W.Va. governor says new gray machine law will be enforced

April 30, 2001

W.Va. governor says new gray machine law will be enforced

By DAVE McMILLION / Staff Writer

MARTINSBURG, W.Va. - Gov. Bob Wise offered a stern message Friday for Eastern Panhandle business owners who are operating video poker machines illegally.

Wise said state authorities, with the assistance of West Virginia State Police and the West Virginia Alcohol Beverage Control Administration, will start beefing up enforcement of the law that controls how the machines are used.

Not only can business owners face a misdemeanor charge for operating the machines illegally, they could face tax charges if they are not paying proper taxes on the machines, Wise said.

"If one doesn't get you, the other will," Wise said in an interview during a visit to Martinsburg.

Video poker machines, referred to as gray machines, are legal if they are used as entertainment. It is illegal to receive cash payouts from winnings on the machines, but it happens frequently, state officials have said.


If anyone operates the machines illegally, their machines could be seized and they could be charged with a misdemeanor punishable by two to 12 months in jail and up to a $1,000 fine, said Wise spokeswoman Amy Shuler Goodwin.

Goodwin said state police and the Alcohol Beverage Control Administration have been meeting to discuss how to weed out illegal gambling operations.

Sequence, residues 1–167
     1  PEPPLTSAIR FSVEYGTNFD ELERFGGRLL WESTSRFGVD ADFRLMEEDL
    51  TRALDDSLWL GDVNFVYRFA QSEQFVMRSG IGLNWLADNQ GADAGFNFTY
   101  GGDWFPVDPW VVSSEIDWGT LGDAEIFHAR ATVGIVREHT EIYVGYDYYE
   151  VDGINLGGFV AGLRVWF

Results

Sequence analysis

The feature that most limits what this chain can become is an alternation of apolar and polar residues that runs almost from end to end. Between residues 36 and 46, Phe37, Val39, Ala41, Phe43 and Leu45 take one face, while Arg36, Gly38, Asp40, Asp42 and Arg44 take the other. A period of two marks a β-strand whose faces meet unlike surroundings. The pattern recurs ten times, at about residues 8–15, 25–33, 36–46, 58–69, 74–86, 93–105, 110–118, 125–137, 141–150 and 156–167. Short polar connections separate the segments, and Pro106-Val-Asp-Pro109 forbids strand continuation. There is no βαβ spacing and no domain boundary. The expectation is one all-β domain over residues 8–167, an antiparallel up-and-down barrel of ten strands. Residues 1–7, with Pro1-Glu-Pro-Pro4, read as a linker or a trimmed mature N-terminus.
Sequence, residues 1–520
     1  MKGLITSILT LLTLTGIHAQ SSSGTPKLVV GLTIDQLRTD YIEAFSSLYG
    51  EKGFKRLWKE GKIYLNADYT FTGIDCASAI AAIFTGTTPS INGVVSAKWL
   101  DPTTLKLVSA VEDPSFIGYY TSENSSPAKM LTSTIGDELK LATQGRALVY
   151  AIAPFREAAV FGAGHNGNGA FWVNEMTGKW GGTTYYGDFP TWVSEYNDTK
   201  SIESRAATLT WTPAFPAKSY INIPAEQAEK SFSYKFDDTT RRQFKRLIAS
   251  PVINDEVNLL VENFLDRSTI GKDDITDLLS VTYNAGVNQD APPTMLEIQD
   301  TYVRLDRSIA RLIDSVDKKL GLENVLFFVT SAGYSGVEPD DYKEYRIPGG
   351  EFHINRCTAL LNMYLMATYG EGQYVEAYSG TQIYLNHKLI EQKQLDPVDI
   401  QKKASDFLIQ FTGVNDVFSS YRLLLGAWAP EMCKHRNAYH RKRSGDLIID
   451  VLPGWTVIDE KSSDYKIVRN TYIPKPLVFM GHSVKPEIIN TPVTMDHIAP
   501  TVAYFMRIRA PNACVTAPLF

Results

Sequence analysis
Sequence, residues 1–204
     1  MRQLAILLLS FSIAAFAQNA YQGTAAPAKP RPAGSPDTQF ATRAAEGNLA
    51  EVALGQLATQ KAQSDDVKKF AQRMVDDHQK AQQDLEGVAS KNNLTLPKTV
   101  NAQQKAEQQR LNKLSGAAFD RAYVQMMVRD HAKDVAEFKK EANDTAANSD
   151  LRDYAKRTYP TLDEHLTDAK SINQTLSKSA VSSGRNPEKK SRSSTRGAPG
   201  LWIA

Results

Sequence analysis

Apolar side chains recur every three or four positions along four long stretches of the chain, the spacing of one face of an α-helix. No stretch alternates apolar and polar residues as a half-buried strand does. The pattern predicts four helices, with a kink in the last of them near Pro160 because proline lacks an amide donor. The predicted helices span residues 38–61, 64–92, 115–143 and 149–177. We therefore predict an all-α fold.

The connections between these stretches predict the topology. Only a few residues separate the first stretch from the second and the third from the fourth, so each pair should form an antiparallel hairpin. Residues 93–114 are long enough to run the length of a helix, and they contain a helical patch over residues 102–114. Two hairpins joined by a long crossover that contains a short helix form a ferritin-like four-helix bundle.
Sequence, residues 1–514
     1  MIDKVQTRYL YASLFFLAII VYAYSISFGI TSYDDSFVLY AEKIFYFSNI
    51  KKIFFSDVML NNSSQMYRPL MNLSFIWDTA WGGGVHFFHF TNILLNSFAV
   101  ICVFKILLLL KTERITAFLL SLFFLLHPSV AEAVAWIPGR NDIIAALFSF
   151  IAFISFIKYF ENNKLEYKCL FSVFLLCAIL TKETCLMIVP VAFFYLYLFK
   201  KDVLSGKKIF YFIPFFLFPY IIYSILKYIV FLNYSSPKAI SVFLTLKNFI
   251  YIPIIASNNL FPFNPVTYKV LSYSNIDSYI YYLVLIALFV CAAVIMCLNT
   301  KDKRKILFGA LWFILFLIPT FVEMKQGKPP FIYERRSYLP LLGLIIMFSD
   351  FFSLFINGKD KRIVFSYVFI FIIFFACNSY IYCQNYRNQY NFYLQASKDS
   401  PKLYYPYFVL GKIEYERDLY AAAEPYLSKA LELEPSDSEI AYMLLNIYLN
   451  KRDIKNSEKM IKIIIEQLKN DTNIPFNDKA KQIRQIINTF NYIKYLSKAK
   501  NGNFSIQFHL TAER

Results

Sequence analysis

Wise declined to talk about any additional officers being assigned to gambling investigations, saying he never comments about law enforcement probes.

"They do have a plan in place," Goodwin said.

The Legislature last weekend passed Wise's proposal to legalize and restrict video poker machines in the state. The law would restrict the number of machines to 9,000 and require business owners who have them to abide by regulations including installing video surveillance cameras and keeping the machines away from children.

Until that law goes into effect Jan. 1, Wise said he will enforce the law that makes it illegal to obtain cash payouts from the machines.

Wise said the video poker bill that passed the Legislature was not the same as the one he introduced, but that's OK. It achieves his main objectives, which were keeping the machines away from children and reducing their number.

There were estimates there could be up to 30,000 of the machines in the state.

Wise made his comments about the machines following a visit to the newly constructed Ecolab plant off W.Va. 9 near Baker Heights.

Ecolab, a St. Paul, Minn.-based company that makes anti-bacterial products, officially opened its 200,000-square-foot plant during a Friday morning ceremony.

Wise touched on several issues relating to the Eastern Panhandle, including school funding and highway projects.

He said the funding generated from the poker machine bill is expected to free up $100 million in bonding money for the School Building Authority for construction of new schools.

Additional money for rapidly growing schools, especially those in Berkeley County, has been an important issue.

The state Division of Highways recently announced it will begin the W.Va. 9 widening project by clearing land between Cattail Run and U.S. 340 in Jefferson County.

The state plans to widen the road from the Virginia line to Martinsburg. Wise said he does not plan to start design work on the segment from Martinsburg to Berkeley Springs anytime soon.

The highways department recently decided to stop design work on the segment from Martinsburg to Berkeley Springs to save money for other highway projects in the state.

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